SoundCloud Launches New Subscription Streaming Service In Australia

The music streaming game just heated up Down Under.

The world’s biggest audio library, SoundCloud, has just thrown its hat in the ring with Spotify, Apple Music, Tidal and the rest, launching a brand new subscription streaming platform in Australia today.

Dubbed simply Soundcloud Go (no relation to Pokemon GO), the brand spankin’ new service is offering punters access to an expanded catalogue of more than 135 million tracks from both established and emerging artists (FYI that’s 4.5 times the size of Spotify’s 30 million) as well as an “ad-free listening experience”.

The downside of this (or not, depending on your POV), is that it means ads will now be rolled out across the free version – you know, the one that you currently use – also from today.

However, the genesis of a paid subscription service and new ads on the free platform also means that artists will now have more opportunities to be paid.

No word from SoundCloud yet on exactly what kind of cashola we’re talking about, but it seems like the company is legitimately committed to rewarding the creators of its content.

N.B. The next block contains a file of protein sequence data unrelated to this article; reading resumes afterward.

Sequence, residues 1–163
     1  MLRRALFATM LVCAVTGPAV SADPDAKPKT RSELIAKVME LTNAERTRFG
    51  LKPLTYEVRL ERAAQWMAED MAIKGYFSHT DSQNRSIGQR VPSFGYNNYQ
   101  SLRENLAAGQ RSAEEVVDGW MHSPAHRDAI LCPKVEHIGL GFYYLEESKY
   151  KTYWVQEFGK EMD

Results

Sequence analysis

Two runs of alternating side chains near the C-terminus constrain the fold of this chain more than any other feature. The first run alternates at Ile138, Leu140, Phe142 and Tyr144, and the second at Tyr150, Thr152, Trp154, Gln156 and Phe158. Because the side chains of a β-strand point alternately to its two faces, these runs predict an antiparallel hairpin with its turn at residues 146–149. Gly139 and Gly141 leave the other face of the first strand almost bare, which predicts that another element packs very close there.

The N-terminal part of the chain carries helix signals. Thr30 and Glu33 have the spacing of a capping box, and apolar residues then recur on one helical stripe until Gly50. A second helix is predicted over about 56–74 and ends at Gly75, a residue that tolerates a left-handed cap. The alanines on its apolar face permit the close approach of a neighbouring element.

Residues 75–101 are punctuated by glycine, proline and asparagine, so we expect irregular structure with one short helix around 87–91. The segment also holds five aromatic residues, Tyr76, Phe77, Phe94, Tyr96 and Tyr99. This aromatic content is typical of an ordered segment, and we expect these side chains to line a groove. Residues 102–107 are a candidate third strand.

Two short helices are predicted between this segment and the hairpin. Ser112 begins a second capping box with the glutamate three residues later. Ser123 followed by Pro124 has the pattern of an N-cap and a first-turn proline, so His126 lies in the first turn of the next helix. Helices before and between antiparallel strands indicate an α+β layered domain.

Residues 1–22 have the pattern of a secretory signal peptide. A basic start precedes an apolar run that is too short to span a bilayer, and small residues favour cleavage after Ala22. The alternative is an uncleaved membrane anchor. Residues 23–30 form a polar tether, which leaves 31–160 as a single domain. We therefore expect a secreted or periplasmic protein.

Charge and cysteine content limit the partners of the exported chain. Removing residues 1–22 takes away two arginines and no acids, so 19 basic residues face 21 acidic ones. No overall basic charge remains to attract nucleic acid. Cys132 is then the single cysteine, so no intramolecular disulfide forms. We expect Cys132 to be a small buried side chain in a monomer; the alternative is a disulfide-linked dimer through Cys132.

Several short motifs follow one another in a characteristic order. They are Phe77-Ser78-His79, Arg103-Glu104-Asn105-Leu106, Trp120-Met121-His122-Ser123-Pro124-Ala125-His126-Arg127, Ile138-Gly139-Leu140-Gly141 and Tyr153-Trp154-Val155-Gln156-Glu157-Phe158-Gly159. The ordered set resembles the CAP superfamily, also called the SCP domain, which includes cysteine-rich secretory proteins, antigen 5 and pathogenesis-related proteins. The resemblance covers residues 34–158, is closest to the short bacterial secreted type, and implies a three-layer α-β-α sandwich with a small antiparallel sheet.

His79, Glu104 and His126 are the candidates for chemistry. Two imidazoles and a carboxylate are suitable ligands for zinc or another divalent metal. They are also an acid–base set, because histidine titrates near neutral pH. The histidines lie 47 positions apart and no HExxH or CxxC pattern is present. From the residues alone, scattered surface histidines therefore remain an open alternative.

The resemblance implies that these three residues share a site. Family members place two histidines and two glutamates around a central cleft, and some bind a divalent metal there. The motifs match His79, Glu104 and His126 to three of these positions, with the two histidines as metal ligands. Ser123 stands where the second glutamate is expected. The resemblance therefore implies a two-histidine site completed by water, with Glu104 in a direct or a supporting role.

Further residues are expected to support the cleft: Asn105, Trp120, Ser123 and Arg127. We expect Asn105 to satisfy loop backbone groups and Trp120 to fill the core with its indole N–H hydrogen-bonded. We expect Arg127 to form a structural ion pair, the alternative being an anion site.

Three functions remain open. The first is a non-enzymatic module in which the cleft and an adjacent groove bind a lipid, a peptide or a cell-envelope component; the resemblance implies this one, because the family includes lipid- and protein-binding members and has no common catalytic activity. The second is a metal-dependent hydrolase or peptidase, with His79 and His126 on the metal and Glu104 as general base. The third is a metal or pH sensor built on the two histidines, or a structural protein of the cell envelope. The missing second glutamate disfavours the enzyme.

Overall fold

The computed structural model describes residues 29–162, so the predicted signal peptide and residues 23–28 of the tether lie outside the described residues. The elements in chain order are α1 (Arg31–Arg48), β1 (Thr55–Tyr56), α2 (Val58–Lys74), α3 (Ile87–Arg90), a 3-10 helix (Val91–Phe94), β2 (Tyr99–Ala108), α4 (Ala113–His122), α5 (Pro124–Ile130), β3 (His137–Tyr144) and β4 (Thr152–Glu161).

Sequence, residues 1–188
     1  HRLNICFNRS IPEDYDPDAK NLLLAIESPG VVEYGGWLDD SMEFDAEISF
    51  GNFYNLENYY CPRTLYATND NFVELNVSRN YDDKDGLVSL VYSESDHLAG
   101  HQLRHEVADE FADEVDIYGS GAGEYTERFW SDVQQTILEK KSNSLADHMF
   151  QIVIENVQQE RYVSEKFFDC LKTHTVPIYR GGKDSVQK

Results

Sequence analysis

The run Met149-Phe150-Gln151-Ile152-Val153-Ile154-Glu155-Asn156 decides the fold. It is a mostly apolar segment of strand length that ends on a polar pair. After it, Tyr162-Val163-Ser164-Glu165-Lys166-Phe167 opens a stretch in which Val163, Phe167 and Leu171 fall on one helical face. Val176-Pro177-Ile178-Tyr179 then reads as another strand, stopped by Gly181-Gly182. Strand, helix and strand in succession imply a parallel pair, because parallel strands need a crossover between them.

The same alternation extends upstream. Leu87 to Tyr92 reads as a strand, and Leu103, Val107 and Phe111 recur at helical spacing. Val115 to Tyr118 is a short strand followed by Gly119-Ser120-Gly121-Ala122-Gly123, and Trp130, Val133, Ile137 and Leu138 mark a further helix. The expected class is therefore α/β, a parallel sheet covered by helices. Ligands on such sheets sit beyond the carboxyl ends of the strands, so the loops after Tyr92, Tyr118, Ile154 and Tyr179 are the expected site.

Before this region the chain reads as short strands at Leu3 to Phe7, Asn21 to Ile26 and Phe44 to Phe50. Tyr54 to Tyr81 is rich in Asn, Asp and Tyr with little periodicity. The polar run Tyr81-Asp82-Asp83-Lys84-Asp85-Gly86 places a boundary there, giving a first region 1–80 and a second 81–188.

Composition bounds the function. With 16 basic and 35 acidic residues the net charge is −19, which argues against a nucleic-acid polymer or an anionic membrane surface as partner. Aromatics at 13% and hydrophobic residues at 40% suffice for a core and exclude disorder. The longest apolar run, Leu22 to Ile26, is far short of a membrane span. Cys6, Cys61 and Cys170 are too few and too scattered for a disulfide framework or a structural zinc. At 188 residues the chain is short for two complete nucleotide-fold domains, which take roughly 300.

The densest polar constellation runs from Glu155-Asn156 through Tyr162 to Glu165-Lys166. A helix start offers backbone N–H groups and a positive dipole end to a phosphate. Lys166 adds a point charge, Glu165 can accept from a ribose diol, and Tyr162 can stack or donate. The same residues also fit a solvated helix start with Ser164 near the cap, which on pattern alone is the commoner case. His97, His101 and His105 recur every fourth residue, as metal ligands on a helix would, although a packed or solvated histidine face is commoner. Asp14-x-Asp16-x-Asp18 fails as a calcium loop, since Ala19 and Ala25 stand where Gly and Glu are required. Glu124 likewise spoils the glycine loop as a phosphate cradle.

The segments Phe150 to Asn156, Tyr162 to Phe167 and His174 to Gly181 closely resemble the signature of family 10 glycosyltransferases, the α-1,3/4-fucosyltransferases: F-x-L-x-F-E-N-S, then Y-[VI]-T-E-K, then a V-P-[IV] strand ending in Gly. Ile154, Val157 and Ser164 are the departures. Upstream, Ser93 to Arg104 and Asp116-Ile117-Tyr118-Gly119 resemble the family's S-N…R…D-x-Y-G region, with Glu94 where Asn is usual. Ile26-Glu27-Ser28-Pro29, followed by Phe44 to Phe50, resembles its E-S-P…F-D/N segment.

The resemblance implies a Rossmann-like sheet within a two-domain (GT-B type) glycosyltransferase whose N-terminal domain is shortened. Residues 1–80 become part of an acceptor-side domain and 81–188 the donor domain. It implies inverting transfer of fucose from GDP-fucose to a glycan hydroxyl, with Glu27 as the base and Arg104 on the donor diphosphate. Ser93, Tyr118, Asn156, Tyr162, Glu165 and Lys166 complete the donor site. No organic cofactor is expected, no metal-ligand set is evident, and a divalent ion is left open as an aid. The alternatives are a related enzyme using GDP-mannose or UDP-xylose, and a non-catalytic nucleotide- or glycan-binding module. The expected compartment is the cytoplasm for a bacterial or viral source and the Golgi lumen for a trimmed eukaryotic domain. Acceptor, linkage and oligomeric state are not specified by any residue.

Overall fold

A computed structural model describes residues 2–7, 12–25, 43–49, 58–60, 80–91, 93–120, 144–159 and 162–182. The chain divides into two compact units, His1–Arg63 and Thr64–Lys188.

“SoundCloud Go unlocks access to the largest and most diverse music and audio catalogue in the world for both listeners and creators across Australia and New Zealand,” says Alexander Ljung, SoundCloud co-founder and CEO.

“With creators at the centre of everything we do, the launch SoundCloud Go and the introduction of ads to the free service enables us to continue to build the most progressive artist remuneration system in the world, while offering listeners everything from emerging creators, new tracks from indies, global hits as well as hits in the making, all in one place.”

SoundCloud Go is available Down Under on web, iOS App Store and Google Play, and costs AU$11.99 per month after the free 30-day trial.

iOS users can also avoid the App Store surcharge for signing up to the service via the SoundCloud app by visiting instead.

Only time will tell how much SoundCloud’s foray into subscription music streaming will shake up the game, but if it means a serious opportunity for artists to make bank for what they do, then that definitely sounds like something to dance about.


Must Read